The start of a new school year is exciting for educators, parents, and students alike – any fresh beginning brims with hope and optimism for what may become. When partnering with parents on the formation of their adolescent children, we’re particularly excited about the opportunity to help students navigate this phase of their lives. Adolescents experience rapid physical, cognitive, and social-emotional growth. Each stage of human development is important, but transitioning from childhood to adulthood is crucial for laying the foundations of good health and successful practices.
As September is Attendance Awareness Month, helping your children establish great attendance habits cannot be emphasized enough. Over the years, public education has evolved into a complex support system that is much more than academics, even though cognitive development remains our focus. Ukiah Unified provides a safe and caring learning environment that helps students meet their nutritional and wellness needs, develop friendships, experience athletics and other extracurricular activities, and grow into well-rounded individuals. When thinking about the complete services our schools provide, it becomes clear that attendance is essential. Simply said, students must be present to benefit from socialization, nutrition, academics, and discovering new interests.
Locating oneself in a complex world requires being engaged with that world. It’s easy to overlook that’s what we’re doing for students in school – helping them grow into who they are.
And that process can be challenging. Schoolwork can be demanding, but no more so than friendships. Growth and learning requires our young people to operate at the edge of their comfort zone. Our mission is to understand and recognize that and provide a safe space for our students to take risks, struggle with support, overcome fears and challenges themselves, and gain the personal confidence that comes with those experiences.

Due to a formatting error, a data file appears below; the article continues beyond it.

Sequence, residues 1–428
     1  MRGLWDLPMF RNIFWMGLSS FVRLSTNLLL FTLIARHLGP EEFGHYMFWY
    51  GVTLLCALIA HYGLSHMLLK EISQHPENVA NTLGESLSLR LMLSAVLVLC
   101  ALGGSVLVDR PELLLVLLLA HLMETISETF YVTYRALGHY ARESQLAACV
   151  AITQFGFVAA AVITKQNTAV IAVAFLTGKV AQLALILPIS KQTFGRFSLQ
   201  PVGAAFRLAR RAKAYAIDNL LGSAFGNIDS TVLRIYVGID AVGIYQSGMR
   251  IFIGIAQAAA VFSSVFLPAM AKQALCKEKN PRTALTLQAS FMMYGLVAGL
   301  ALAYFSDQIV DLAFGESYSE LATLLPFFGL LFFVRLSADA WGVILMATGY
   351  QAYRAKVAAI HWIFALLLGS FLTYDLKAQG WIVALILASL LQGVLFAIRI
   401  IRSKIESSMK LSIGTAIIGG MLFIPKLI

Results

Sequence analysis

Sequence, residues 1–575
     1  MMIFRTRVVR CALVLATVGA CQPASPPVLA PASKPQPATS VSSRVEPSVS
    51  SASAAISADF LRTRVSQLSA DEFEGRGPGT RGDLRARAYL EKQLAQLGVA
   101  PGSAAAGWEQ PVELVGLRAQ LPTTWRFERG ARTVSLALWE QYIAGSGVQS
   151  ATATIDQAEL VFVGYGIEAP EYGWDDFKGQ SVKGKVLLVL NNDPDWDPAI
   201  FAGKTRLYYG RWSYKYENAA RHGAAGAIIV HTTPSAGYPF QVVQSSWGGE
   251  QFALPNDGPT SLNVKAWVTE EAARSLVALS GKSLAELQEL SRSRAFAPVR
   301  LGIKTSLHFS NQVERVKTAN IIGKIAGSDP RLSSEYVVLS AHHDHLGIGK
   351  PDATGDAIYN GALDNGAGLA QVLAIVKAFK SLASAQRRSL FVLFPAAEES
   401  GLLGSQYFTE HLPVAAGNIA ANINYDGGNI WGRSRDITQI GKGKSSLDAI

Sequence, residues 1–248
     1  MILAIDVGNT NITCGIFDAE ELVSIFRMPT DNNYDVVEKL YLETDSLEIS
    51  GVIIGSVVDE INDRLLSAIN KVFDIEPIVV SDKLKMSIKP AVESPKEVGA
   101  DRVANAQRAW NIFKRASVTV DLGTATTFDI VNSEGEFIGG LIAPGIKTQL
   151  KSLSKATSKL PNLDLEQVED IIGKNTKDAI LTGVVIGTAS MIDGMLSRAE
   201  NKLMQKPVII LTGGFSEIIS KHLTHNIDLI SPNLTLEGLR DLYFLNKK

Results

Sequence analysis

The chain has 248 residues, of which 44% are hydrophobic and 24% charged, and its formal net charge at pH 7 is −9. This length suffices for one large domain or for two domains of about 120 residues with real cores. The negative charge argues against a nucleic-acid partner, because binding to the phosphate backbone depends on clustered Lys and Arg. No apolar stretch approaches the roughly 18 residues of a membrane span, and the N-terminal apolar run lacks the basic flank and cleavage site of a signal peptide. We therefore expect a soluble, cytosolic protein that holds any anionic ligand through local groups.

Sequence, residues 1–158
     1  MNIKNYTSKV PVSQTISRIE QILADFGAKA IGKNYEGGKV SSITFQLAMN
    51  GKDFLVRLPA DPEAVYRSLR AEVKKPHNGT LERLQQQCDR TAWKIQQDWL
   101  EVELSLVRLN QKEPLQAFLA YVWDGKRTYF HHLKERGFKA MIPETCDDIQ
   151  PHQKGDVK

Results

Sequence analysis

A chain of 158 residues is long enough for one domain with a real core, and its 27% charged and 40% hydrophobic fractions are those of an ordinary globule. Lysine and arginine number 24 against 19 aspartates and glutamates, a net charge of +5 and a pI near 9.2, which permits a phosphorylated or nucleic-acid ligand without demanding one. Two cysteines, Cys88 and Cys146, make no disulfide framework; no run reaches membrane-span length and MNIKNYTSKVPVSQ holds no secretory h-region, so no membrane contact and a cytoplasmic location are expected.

It’s an adjustment time for parents, too. In elementary school, children are much more dependent on parental involvement in their lives. In middle school, students inherently want more independence yet simultaneously have a heightened need for “quiet support” from their parents. Parents are still the primary influence in their children’s development. Helping to prioritize the importance of education, the necessity of attendance, and extending that safe space for healthy risk-taking can make a surprising difference in a student’s approach to this dynamic period of change in their lives.
Fundamentally, two truths become apparent at this moment in time. First is the truism that education remains the great equalizer in society. Helping children understand and accept that education is their responsibility must be set in middle school. Students learn that the effort they put into education shapes their opportunities in adulthood. Elementary schools set the stage for a love of learning. Middle school maintains that love while helping students manage their new awareness of self in a social world. High school fosters more complex and specific interests that guide future learning in career, vocational, or college opportunities. There is no more significant tool for pursuing the American dream than education. Second is the reality that life is about showing up and participating. Regardless of the direction one’s life takes, showing up on time and consistently for work, school, family, and relationships is required. And showing up is not enough by itself. We must also participate to the best of our abilities.
Please help us create great attendance habits in your children by emphasizing its importance, supporting their schedules and activities to arrive at school on time, and understanding that it’s about academics and so much more.